News Release

Department of Energy announces $6.4 million for artificial intelligence research in high energy physics

Projects span AI applications to HEP, studies of fundamental AI Techniques, and creation of benchmark HEP datasets

Grant and Award Announcement

DOE/US Department of Energy

WASHINGTON, D.C. - Today, the U.S. Department of Energy (DOE) announced $6.4 million in funding for three initial Department of Energy national lab-led team projects in artificial intelligence research for high energy physics. These awards support the DOE Office of Science (SC) initiative in artificial intelligence research to use AI techniques to deliver scientific discoveries that would not otherwise be possible and to broaden participation in high energy physics research.

“Artificial intelligence research is essential to maximize the science of DOE SC funded research programs,” said Harriet Kung, Acting Associate Director of Science for High Energy Physics. “These awards represent new partnerships between researchers at DOE National Labs, universities, and the private sector that will enable the next discoveries in high energy physics.”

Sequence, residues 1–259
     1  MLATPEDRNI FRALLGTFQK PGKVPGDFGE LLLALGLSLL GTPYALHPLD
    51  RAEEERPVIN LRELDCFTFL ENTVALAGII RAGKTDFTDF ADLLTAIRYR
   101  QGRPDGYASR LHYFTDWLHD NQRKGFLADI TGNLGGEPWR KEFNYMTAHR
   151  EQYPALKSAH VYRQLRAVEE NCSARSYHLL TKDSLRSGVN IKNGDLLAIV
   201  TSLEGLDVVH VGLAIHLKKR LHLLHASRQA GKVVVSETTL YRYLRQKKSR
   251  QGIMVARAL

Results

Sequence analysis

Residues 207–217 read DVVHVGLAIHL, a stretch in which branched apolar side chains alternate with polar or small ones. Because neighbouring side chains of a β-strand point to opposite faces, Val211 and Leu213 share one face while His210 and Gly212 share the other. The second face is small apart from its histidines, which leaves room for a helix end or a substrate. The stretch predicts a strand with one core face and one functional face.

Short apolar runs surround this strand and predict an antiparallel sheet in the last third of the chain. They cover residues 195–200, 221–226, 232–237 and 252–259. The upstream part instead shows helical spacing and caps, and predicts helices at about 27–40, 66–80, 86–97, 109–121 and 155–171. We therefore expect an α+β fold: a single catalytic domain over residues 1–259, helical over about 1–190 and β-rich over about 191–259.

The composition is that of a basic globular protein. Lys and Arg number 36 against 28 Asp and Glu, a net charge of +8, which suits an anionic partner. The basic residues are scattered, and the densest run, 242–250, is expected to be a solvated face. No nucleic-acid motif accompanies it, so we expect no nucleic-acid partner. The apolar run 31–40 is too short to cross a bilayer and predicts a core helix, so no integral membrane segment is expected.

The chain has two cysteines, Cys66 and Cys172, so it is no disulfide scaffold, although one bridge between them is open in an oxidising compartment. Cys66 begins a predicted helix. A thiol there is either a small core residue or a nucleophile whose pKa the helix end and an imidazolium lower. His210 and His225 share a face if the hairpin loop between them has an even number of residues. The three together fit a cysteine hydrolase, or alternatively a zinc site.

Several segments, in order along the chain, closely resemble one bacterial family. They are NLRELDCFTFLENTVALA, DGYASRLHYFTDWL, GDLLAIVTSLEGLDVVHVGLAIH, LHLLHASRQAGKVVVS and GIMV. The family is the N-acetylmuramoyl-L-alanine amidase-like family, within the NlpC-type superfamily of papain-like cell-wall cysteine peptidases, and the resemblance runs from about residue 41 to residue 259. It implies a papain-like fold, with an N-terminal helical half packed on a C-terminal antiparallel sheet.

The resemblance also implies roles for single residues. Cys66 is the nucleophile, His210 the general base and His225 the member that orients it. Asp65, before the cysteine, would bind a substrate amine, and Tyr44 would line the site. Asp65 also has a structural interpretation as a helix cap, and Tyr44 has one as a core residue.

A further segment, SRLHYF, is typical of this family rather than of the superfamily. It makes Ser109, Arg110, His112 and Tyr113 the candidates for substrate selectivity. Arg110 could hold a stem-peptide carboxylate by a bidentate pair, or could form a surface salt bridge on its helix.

Projects include:

  • using deep learning to precisely calculate particle interactions and improve theoretical predictions;
  • developing publicly available standardized benchmark datasets to broaden participation in high energy physics research;  
  • and developing new methods for more trustworthy and robust machine learning using physics-inspired models where humans cannot be in the decision-making loop.

The projects are the first selected in the Team Path by competitive peer review under the DOE Funding Opportunity Announcement for Artificial Intelligence Research for High Energy Physics (DE-FOA-0002705). Additional awards from this solicitation remain to be announced.

Total funding for these awards is $6.4 million for projects lasting three years in duration, with $4.1 million in Fiscal Year 2022 dollars and outyear funding contingent on congressional appropriations. The list of projects and more information can be found here.

Disclaimer: AAAS and EurekAlert! are not responsible for the accuracy of news releases posted to EurekAlert! by contributing institutions or for the use of any information through the EurekAlert system.